Does the BRRRR Strategy Work? (And Introducing the BRRSR & BRRHR Methods)

by | BiggerPockets.com

Today we’re talking about the BRRRR strategy—a term coined by BiggerPockets meaning “buy, rehab, rent, refinance, repeat.” A lot of you know that I am a contrarian, but I actually agree with this method. I kind of used the BRRRR method back in Australia, but I didn’t do it correctly and it was pretty ugly. I had a lot of debt and it didn’t end up well, but I was able to get out of it. That was one of the first mistakes that I made in my real estate career.

Growing Your Portfolio With the BRRRR Strategy

I think the BRRRR strategy is a great way to grow your portfolio. This is my only word of caution for the BRRRR method: When you buy, rehab, and rent, you really need to make sure that when you refinance and pull out that equity that you still have positive cash flow. Again, before you refinance, make sure that you crunch the numbers and when you pull out that equity that there is enough cash flow covering all of your expenses, especially the mortgage.

Related: Forget BRRRR: Introducing the BARRRR Strategy for Investors

Now, I shot myself in the foot back in Australia, and a lot of people did that here on the West coast when they were buying, rehabbing, renting, refinancing, and pulling out the equity to go into another deal, but they were losing money on their monthly mortgage repayments. I would not bet on that strategy because you are betting that the property will appreciate more in value every single year than what you’re losing on your mortgage repayments. I know the market is hot now and everyone is buying on the East coast and West coast, but it doesn’t last. Eventually, it stops and it goes south just like it did in 2008. So don’t think that the property price is going to continue appreciating even if you’re losing a little bit on your monthly mortgage repayment because you’re still going to have a large capital gain profit as long as you can get into as many deals as possible. I did it, I tried it, and it didn’t end up well. That is kind of why I went down the cash flow path.

When you are crunching numbers on the BRRRR method, be sure to overestimate your expenses and underestimate your income. By overestimating your expenses, you are giving yourself a margin of safety. Something that I do to this day is discount the rent. If I know a property is going to rent for $1,000, I do my numbers at $900. If I know the property management fees are 8 percent, I calculate them as if they were 10 percent. Even if my mortgage is $1,000, even though I don’t have any mortgages, I would still estimate $1,100. Then, when I overestimate on my expenses and the numbers still make sense, I proceed with that particular investment. Guys, please do not get caught with your pants down like I did. Make sure you have positive cash flow after you do that refinance. Then, of course, repeat. By all means, do it five, 10, 15, 20, 100 times because it’s positive. You’re making money. Just make sure you have that margin of safety.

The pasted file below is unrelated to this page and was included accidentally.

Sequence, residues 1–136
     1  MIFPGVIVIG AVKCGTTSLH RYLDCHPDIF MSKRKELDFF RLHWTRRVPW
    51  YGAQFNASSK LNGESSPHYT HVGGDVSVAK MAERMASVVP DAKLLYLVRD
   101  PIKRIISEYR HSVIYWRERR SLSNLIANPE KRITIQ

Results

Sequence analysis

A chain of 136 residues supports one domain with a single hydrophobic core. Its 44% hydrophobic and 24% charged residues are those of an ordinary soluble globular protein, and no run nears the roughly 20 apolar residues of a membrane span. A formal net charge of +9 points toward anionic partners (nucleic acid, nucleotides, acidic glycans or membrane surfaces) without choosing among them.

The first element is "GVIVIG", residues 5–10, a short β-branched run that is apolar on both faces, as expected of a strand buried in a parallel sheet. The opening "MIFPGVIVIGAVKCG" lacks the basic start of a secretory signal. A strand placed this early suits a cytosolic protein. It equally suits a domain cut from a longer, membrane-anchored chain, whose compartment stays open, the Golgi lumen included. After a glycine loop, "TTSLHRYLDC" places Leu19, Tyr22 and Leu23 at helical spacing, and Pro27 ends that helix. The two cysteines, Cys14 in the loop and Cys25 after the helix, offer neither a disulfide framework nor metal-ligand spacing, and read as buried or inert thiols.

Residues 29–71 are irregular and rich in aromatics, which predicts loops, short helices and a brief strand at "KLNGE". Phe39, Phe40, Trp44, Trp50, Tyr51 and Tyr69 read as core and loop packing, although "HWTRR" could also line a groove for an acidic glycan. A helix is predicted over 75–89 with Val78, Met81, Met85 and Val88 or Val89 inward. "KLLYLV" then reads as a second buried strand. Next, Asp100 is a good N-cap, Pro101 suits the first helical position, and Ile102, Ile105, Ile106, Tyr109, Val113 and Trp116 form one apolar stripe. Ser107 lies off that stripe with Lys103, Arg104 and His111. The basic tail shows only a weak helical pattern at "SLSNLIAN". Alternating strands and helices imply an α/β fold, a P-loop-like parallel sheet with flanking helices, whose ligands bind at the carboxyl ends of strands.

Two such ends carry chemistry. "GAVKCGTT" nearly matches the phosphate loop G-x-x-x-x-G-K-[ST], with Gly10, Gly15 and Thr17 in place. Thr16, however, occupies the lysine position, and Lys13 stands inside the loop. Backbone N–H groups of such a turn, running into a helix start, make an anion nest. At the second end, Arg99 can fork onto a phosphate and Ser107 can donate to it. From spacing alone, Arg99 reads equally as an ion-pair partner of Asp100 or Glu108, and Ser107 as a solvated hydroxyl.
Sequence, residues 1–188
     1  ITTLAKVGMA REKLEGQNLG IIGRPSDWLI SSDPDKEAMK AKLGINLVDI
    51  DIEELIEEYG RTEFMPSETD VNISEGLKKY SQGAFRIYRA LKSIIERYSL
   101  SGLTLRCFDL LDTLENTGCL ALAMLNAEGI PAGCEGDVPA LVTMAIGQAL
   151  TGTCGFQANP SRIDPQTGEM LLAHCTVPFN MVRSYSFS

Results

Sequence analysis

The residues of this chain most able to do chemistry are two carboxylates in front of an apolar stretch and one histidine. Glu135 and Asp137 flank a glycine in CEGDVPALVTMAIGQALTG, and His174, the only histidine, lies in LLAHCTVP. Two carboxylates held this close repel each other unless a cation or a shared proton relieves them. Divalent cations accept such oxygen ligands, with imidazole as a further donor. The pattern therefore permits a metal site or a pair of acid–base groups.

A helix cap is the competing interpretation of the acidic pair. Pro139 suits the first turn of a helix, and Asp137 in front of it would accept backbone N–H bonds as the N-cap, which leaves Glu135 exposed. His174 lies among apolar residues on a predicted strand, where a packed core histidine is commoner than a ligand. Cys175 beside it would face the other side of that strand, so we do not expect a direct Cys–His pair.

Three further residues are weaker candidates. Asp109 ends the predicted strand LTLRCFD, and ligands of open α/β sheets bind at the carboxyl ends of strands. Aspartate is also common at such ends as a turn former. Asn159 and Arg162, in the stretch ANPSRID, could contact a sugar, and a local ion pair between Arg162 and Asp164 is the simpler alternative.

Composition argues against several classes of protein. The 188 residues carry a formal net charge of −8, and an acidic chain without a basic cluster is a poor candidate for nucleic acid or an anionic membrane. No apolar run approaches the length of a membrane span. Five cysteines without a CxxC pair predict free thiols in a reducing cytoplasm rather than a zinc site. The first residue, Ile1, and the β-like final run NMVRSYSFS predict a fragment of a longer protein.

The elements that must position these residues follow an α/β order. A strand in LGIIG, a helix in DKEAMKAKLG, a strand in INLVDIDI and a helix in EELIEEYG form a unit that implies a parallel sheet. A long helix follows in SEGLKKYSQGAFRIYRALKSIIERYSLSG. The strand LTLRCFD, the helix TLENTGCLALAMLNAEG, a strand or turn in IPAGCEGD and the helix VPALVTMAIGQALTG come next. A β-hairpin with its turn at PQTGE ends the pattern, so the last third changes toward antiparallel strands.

Related: How to Take the BRRRR Strategy to the Next Level with a 198-Unit Apartment Building

BRRSR

An alternative and something I’ve been doing very successfully ever since I moved to the U.S is the BRRSR method. What this means is “buy, rehab, rent, sell, and repeat.” I’ve probably done this around 500 times.

I am happy paying taxes because the more I pay, the more money I’m making. Look, I get to cash out of the deal, I get to use that money, I get to invest it in more transactions, and then I just keep throwing gasoline on the fire. Back in the day, I was doing one deal a month, and now I’m doing 20 deals a month. I’m doing commercial deals and buying multifamilies. I just keep growing because cash is king. The more cash that you have, the more deals that you can do, and the more profit you can make.

BRRHR

Next is buy, rehab, rent, and hold—the BRRHR method. When you have enough capital lying around and you do not want to continue the cycle of either refinancing and repeating the process or selling and repeating the process, you might as well just buy, rehab, rent, and hold instead. At the end of the day, you want that passive income and financial freedom. I think that would beat just buying and holding because you won’t be buying distressed.

Guys, that is pretty much it. The BRRRR method is great and can work in your favor—just make sure you crunch the numbers. And don’t forget the BRRSR method! You heard it here first.

Do you use any of these strategies? Why or why not?

Comment below!

About Author

Engelo Rumora

Engelo Rumora “The Real Estate Dingo” is a successful property investor, motivational speaker and serial entrepreneur that quit school at the age of 14 and played professional soccer at 18. He is also a soon to be published author along with becoming a TV personality in his very own real estate house flipping show. To find out more go to engelorumora.com . Engelo Rumora has been involved in over 400 real estate deals and founded five businesses in Ohio. The most successful is Ohio Cashflow, a company that specializes in providing turnkey properties in several Ohio markets. The newest venture is List’n Sell Realty, a real estate brokerage based in Toledo, Ohio and soon to be known as the #1 discount broker in the country.

12 Comments

  1. Dominick Alfano

    Hey, thanks for posting but maybe I’m missing something here. The BRRRR strategy as I understand it is to both get out of a less than ideal financing situation (e.g. HML or PL with less than desirable terms) and cash out on the work you’ve put in.